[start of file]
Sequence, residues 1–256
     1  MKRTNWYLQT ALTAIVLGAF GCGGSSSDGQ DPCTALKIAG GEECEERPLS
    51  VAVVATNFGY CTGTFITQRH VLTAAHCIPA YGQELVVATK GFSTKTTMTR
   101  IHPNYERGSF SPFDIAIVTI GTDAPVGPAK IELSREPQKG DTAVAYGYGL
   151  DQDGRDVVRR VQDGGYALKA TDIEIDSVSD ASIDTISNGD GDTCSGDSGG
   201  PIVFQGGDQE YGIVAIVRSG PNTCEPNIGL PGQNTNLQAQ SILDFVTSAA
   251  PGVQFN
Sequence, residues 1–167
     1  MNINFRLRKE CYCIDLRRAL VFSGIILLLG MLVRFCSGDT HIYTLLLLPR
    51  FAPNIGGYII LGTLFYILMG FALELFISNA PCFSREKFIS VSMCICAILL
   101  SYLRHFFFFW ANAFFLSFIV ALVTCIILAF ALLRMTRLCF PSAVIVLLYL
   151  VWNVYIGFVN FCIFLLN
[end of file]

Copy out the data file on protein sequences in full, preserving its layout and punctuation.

Sequence, residues 1–256
     1  MKRTNWYLQT ALTAIVLGAF GCGGSSSDGQ DPCTALKIAG GEECEERPLS
    51  VAVVATNFGY CTGTFITQRH VLTAAHCIPA YGQELVVATK GFSTKTTMTR
   101  IHPNYERGSF SPFDIAIVTI GTDAPVGPAK IELSREPQKG DTAVAYGYGL
   151  DQDGRDVVRR VQDGGYALKA TDIEIDSVSD ASIDTISNGD GDTCSGDSGG
   201  PIVFQGGDQE YGIVAIVRSG PNTCEPNIGL PGQNTNLQAQ SILDFVTSAA
   251  PGVQFN
Sequence, residues 1–167
     1  MNINFRLRKE CYCIDLRRAL VFSGIILLLG MLVRFCSGDT HIYTLLLLPR
    51  FAPNIGGYII LGTLFYILMG FALELFISNA PCFSREKFIS VSMCICAILL
   101  SYLRHFFFFW ANAFFLSFIV ALVTCIILAF ALLRMTRLCF PSAVIVLLYL
   151  VWNVYIGFVN FCIFLLN